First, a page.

VideoGamer.com: How do your relationships with your party members change following dialogue decisions?
CH: This is a game that's about the characters. Part of the idea of preparing your team for a suicide mission is it's all about recruiting the characters you want to take with you, making them loyal, making sure they have everything they need to be equipped and ready to go into battle with you, building up your ship. So it's all of these things that tie into the main storyline, but it comes back to those characters that you're getting. You end up doing missions to go out and recruit them. First you have to talk with them once you have them and find out what makes them tick and understand them. Then you'll figure out what mission you need to do to make them loyal. You have an ongoing relationship with each character. But loyalty is a huge factor in the overall concept of the game, and then that's how it ties in with your relationships.
Maybe in previous games you would talk to characters and there's a relationship there, but again, it might not tie back into the main storyline. Here, the reason you end up talking to your characters, outside of the fact that it's interesting and there's a relationship there, is that you can figure out what it is that's going to make them loyal to you. And then you go and do a mission where you learn a lot about their back story. It unfolds in a way you can learn about and appreciate that character. So you're developing their loyalty, you're developing their relationship, and then we also have a number of romance options in this game where if you develop a relationship over the course of the game, some of them will become love interests. Whereas in Mass Effect 1 there was a love interest for male or female, and then Liara was another option, in this one, male and female characters each have several love interests.
It adds a further degree of conflict, actually, because you're thinking about who's more interesting as a love interest, but also it's interesting that the loyalty system and the love interest aspect both involve conflict. You might make someone loyal to you and then you make someone else loyal to you, the next time you come back to the ship, they might be fighting. You go down to find out what's going on, and now you have to decide or talk them down or come up with a way to try and keep them both loyal to you. And then likewise with the love interests, you might find yourself conflicted about who you find more interesting, and then if you pursue one, then that can block your ability to progress with the others. So there's a lot more sophistication there. And there's more character, too. There are ten characters you can get as part of your total team to draw from, versus the six in the original Mass Effect.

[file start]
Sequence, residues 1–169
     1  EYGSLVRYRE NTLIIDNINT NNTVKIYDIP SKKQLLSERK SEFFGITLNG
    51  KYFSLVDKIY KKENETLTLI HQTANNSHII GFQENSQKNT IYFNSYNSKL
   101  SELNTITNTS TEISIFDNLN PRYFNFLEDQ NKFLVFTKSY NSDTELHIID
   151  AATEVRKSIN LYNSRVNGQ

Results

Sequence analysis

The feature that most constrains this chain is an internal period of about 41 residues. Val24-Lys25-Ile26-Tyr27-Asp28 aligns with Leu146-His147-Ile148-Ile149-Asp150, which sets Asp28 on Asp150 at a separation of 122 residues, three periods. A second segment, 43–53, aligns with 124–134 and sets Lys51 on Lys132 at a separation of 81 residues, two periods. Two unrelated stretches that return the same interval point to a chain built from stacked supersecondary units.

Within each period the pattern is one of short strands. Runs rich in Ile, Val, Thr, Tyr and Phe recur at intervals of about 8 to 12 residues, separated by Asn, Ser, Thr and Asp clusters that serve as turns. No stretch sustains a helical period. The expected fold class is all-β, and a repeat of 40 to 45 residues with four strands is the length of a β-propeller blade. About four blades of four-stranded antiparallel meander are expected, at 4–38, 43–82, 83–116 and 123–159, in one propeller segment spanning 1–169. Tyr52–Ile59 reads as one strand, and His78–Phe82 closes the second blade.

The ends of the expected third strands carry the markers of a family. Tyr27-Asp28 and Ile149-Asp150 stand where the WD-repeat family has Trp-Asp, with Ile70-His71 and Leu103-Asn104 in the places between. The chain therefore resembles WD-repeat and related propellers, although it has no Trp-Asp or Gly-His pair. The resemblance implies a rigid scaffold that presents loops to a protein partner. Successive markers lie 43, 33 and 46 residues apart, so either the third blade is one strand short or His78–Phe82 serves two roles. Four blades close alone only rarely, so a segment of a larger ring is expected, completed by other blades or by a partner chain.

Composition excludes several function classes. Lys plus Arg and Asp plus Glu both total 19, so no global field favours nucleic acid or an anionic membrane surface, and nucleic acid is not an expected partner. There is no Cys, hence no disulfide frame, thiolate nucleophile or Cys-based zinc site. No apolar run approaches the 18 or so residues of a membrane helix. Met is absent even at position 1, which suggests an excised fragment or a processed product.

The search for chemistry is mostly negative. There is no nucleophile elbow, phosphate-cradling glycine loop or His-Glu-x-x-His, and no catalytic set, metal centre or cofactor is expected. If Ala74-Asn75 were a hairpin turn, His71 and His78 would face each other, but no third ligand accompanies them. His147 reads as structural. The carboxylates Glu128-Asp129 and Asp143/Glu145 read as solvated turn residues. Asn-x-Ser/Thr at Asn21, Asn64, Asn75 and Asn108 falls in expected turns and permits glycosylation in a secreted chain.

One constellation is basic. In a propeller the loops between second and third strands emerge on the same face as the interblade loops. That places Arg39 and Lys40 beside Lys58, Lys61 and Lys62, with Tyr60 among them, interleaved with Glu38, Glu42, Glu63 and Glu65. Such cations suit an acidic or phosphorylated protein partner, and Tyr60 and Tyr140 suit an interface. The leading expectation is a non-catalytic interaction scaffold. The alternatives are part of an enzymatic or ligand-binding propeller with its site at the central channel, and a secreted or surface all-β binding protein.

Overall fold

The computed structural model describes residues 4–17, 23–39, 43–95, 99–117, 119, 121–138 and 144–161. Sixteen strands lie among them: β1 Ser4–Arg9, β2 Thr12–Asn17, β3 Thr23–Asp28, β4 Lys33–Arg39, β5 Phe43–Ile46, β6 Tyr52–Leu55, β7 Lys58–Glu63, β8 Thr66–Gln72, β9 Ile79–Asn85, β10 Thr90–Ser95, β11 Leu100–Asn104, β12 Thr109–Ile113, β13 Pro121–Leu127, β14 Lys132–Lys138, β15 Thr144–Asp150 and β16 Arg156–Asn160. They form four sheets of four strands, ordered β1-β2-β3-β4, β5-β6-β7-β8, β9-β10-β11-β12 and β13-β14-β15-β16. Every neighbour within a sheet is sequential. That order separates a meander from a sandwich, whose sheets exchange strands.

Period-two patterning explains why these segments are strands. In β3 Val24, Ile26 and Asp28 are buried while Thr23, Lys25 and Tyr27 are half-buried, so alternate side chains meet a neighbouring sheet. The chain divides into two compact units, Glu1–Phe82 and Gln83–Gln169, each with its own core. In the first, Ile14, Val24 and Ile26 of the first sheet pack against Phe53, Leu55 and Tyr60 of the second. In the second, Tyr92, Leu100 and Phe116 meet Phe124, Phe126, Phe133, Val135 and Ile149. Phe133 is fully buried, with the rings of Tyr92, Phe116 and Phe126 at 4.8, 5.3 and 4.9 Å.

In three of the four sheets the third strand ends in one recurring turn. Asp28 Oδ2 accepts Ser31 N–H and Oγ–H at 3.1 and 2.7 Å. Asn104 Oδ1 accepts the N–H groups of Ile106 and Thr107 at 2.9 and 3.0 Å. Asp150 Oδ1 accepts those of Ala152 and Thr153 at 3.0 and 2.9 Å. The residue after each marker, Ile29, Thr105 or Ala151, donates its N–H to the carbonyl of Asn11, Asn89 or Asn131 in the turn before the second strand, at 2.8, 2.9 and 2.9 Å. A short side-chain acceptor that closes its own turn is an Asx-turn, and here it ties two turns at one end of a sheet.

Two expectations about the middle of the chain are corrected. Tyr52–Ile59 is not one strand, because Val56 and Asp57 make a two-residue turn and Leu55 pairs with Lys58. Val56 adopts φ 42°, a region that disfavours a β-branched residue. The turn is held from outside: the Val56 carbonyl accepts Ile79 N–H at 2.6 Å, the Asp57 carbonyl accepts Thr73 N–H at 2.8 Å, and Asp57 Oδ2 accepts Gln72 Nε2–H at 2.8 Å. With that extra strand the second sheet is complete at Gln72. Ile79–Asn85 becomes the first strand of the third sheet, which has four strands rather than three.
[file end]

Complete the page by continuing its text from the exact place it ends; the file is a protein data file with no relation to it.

VideoGamer.com: What did you do to make sub-quest-based exploration more fun and varied?
CH: That was a part of Mass Effect that we had interesting feedback on. At one point we were even wondering if we should keep it because it was probably the part people wanted improved the most. So one way you can interpret that is, well, maybe it's just not an important enough part of the experience, like we don't need it. But actually when we thought about it, it was clear part of the reason people wanted us to improve that aspect was because they love the idea that you can take your ship wherever you want in the galaxy, and you can go out, fly to the some planet on the edge of the galaxy and find something weird and wonderful there, and explore it however you want. It was the richness and the variety people wanted more of. So that's what we did.
We made a few changes to the way you navigate the Normandy so you get a better sense of exploration, you actually move the position of the Normandy versus moving a crosshair for where you want to go. You have fuel and space probes you burn to explore deeper into space. And then we also added a mini-game that is a new way to get resources off of a planet. So instead of having to drive around on a planet in the vehicle as a mission, where you're just really picking up rocks and having to jump out and do that kind of stuff, now it's part of a really cool planet exploration mini-game where you're spinning the planet around underneath you, you can feel with the controller rumbling, you can hear the sound of anomalies and resources being picked up by your sensors and close in on them and send space probes. So that part is a lot more interesting. Running around and getting resources is now in a cool mini-game instead of you doing it on foot.
But now, also when you are doing this mini-game you can find locations. We call them N7 missions. You find things that only Commander Shepard can investigate. When you find one of those, that's an N7 mission. Our approach with N7 missions is that really every N7 mission has to provide you something amazing and different in terms of the gameplay or what you get to do, than you would be able to do anywhere else in the game. Now when you find missions out there in the uncharted worlds, there are always missions where something special happens, and you get really good handcrafted gameplay and art that you can't see elsewhere in the game. I think people will find them to be really rewarding, really rich, because there's something different around every corner.